One of the most common sleeping myths is that we need to sleep eight hours a day in order to feel rested and give it our best that day. In reality, every person has his or her sleeping needs. These needs vary from 4 to 14 hours. Some of us need only 6 hours of sleep per night to go full speed through the day, while others need 10 hours of rest in order to function well.
But this is only one of the truths we have unconditionally accepted and that may cause us more stress than rest and comfort. Here are other common ideas about sleeping that we have embraced and that are completely false:
A warm room helps you sleep better. The myth has probably started with the words “cozy”, “warm” and “comfortable” used in ads for “sleeping gear”. Well, the truth is that our bodies rest better in rooms that are a bit chilly, as hot air becomes dry, thus leading to breathing problems. Experts recommend a clean room with a temperature set between 18 and 20 degrees Celsius.
If you stay up during the night, you’ll definitely feel tired all day. Sometimes, you wake up in the middle of the night, completely rested and can’t shut your eyes anymore. Forcing yourself to sleep is never a good idea. Get up and do something relaxing and enjoyable – without disturbing everyone else’s sleep, preferably. You can read, listen to music, or watch a TV show. Our prehistoric sleeping patterns include about 4 hours of sleep, then 1 – 2 hours awake, followed by a couple of hours of sleep again.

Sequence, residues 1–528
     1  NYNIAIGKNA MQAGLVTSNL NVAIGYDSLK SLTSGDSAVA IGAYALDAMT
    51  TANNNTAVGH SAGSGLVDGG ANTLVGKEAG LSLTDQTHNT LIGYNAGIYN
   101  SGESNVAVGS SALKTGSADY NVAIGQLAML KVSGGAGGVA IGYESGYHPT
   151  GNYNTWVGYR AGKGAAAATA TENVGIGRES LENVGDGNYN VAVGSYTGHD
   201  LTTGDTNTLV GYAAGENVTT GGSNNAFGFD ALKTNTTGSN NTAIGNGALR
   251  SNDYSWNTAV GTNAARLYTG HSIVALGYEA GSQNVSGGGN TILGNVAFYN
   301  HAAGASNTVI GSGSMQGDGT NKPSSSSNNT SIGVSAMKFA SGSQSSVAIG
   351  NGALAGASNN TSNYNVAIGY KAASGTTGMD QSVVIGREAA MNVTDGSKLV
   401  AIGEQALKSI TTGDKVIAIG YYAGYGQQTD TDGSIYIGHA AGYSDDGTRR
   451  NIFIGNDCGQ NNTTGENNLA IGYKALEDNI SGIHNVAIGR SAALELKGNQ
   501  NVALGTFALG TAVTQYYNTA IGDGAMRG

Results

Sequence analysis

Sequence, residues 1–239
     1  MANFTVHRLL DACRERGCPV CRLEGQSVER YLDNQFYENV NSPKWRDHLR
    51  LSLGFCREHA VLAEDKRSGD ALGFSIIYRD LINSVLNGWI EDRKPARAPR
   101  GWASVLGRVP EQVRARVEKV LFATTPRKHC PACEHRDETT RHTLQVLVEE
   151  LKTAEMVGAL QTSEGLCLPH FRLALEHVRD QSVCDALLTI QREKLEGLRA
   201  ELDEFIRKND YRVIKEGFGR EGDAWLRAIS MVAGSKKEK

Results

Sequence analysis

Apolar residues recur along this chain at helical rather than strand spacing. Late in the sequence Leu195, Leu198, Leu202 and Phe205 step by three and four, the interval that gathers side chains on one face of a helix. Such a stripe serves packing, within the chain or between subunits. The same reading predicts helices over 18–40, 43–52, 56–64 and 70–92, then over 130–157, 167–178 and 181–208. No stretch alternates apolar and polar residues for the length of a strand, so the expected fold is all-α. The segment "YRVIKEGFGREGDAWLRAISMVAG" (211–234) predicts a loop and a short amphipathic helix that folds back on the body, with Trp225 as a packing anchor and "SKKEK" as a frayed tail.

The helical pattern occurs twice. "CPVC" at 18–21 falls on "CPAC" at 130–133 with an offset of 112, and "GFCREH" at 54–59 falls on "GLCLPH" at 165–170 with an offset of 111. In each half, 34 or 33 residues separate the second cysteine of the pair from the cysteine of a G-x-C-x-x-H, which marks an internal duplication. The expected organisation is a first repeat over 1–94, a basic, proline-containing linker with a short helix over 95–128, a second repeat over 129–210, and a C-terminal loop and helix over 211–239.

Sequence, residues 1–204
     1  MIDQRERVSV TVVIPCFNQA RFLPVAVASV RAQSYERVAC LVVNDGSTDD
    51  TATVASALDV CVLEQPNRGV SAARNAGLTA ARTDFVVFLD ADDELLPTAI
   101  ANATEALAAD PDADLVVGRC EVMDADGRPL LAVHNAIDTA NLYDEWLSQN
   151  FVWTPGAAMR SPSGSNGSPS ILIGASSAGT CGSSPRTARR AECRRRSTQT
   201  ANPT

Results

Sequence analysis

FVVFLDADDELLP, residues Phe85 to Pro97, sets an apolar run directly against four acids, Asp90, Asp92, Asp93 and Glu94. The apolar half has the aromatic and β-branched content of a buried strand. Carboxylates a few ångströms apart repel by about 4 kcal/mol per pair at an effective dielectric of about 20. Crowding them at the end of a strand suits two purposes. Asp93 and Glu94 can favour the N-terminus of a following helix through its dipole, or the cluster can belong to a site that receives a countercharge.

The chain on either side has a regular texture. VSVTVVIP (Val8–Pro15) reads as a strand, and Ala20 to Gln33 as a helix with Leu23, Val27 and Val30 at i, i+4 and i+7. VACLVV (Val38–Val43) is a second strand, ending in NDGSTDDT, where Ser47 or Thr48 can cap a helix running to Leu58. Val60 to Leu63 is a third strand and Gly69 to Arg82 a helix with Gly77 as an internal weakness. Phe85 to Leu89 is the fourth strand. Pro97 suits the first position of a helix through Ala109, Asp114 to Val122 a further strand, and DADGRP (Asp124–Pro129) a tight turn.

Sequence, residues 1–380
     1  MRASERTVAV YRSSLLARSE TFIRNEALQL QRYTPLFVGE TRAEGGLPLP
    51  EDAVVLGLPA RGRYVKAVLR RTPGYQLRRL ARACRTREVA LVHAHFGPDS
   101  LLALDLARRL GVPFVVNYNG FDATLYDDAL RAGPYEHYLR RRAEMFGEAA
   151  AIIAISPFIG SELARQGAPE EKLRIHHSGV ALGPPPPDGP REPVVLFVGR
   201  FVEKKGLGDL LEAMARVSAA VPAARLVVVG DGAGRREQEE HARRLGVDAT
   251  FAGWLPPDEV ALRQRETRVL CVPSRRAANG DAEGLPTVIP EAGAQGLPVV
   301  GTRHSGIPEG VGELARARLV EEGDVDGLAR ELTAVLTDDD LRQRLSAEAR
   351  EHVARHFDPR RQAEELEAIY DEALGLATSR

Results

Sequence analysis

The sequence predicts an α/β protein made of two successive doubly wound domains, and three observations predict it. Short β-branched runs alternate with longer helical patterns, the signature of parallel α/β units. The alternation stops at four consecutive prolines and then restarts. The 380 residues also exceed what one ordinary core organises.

Alcohol prevents insomnia. This can be false or true, depending on what your sleeping goal is. A glass of wine before bedtime can trigger a sleepy state faster, but it won’t last long. You will probably wake-up in the middle of the night, when the effect wears out. Plus, alcohol, just like sleeping pills, relaxes the muscles involved in the breathing process, thus provoking snoring and sleep apnea.
You can sleep even if you’re surrounded by noise. You will probably be able to fall asleep, but you won’t be sleeping for long, as noise can interrupt the sleeping cycle and disrupt the sleeping patterns. You won’t get any rest. Just like noise, light won’t let you rest either.
The ideal sleeping atmosphere includes a spacious room, away from the noise and the light (natural or artificial). Make sure that before you are going to bed you have kept the windows opened so that the temperature becomes pleasant and the air fresh.